published on 21 October 2014
Xibalba (Shee-bal-ba) was the name the K'iche Maya gave to the underworld. For the Yucatec Maya the underworld was known as Metnal. The name Xibalba translates as 'Place of Fright', which indicates the terror the place had in the Maya imagination. There was, unfortunately, not much chance of escaping the place, either. Ideas such as leading a good... [continue reading]
published on 20 October 2014
Athanaric (died c. 381 CE) was a king of the Thervingi Goths (also known as the Visigoths) and, according to some sources, the first and greatest king. He was of the noble Balts family of the Thervingi tribe and a relative of the later king of the Visigoths Alaric I (reigned 395-410 CE), best known for the sack of Rome. As the ruling judge of his tribe... [continue reading]
published on 20 October 2014
  FOR IMMEDIATE RELEASE: October 20, 2014 Ancient History Encyclopedia Announces Partnership with New collaboration expands online educational resources about the ancient world LONDON — Ancient History Encyclopedia, a nonprofit, digital humanities website focused on ancient history, today announced that they have begun a strategic content... [continue reading]
published on 18 October 2014
The Terminal Classic period in Mesoamerica between c. 800 and 925 CE saw one of the most dramatic civilization collapses in history. Within a century or so the flourishing Classic Maya civilization fell into a permanent decline, so that once great cities were abandoned and left to ruin, in many cases, to be reclaimed by the jungle and so disappear from human... [continue reading]
published on 15 October 2014
Delights from the Garden of Eden: A Cookbook and History of the Iraqi Cuisine, by Dr. Nawal Nasrallah -- a former professor of English at the Universitiy of Baghdad and the University of Mosul -- is a fine introduction to the history and diversity of Iraqi cuisine. Lavishly illustrated, supremely informative, and deeply personal, Narallah’s... [continue reading]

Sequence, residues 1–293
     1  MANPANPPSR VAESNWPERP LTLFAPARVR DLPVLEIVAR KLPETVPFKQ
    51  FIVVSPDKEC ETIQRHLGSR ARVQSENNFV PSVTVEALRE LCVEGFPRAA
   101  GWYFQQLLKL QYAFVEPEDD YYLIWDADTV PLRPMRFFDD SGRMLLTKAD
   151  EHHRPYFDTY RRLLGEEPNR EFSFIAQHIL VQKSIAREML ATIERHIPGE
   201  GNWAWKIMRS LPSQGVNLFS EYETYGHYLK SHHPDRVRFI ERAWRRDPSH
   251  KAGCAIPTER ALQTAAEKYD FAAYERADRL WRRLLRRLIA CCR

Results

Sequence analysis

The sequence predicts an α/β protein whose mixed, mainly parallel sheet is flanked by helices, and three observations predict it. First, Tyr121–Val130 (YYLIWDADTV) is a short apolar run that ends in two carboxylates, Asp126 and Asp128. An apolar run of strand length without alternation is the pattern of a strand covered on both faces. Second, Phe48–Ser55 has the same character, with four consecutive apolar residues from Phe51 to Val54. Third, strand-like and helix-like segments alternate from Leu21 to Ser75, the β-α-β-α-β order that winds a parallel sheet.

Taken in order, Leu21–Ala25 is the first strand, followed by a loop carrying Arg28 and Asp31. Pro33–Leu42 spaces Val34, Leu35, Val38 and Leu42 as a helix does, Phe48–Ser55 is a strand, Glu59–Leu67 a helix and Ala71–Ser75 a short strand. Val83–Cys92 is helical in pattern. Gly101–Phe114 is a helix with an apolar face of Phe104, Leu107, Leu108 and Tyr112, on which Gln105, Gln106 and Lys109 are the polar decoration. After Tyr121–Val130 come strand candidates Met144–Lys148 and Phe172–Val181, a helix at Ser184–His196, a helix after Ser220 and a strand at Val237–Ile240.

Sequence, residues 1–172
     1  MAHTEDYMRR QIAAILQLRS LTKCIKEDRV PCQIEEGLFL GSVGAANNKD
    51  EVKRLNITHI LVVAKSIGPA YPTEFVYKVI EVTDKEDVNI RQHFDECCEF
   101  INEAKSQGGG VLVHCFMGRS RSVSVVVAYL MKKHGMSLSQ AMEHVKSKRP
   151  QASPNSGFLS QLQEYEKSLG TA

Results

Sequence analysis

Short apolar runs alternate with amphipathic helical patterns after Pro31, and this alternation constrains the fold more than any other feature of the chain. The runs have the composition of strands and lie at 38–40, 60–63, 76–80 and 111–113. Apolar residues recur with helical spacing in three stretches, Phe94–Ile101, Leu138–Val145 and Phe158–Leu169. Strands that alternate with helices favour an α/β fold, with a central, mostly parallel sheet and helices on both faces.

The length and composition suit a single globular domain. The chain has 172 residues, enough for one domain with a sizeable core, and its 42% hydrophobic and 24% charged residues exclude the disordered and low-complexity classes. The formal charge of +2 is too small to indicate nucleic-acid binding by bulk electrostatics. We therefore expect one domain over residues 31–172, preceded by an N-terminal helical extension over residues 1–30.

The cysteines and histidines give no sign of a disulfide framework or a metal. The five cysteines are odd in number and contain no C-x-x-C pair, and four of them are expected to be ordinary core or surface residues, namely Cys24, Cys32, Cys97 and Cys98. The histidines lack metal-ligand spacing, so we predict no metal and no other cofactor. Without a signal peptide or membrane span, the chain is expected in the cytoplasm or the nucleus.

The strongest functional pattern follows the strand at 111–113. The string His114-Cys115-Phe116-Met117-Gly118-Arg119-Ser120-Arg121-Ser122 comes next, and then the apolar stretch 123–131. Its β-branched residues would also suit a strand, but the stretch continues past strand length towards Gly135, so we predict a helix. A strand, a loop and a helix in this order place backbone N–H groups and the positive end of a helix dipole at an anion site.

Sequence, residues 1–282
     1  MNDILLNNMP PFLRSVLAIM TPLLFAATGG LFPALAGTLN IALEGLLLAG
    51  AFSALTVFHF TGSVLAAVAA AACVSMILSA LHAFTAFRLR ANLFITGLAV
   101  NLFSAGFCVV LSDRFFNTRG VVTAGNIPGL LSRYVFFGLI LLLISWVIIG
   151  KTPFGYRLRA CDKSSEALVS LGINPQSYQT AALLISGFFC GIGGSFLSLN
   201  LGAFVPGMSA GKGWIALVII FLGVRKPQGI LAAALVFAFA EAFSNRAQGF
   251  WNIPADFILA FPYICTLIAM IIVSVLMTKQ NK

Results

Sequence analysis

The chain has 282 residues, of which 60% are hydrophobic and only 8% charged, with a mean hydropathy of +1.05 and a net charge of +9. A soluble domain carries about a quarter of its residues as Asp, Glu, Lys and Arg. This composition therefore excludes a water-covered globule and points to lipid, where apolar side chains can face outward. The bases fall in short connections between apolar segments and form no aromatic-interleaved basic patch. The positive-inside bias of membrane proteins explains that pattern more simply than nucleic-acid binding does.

published on 13 October 2014
Athens in the 4th to 5th century BCE had an extraordinary system of government, whereby all male citizens had equal political rights, freedom of speech, and the opportunity to participate directly in the political arena. This system was democracy. Further, not only did citizens participate in a direct democracy whereby they themselves made the decisions... [continue reading]
published on 13 October 2014
August 11, 2014. It was a partly cloudy day. I arrived at the Pergamon Museum in Berlin around 10 AM. I found a long queue . . . Average waiting time: two hours! I asked a guard about this. He said, ”This line is for holders of priority pass tickets and pre-booked tickets.” I said, “OK, where I can buy this priority pass ticket?” The answer was, “You... [continue reading]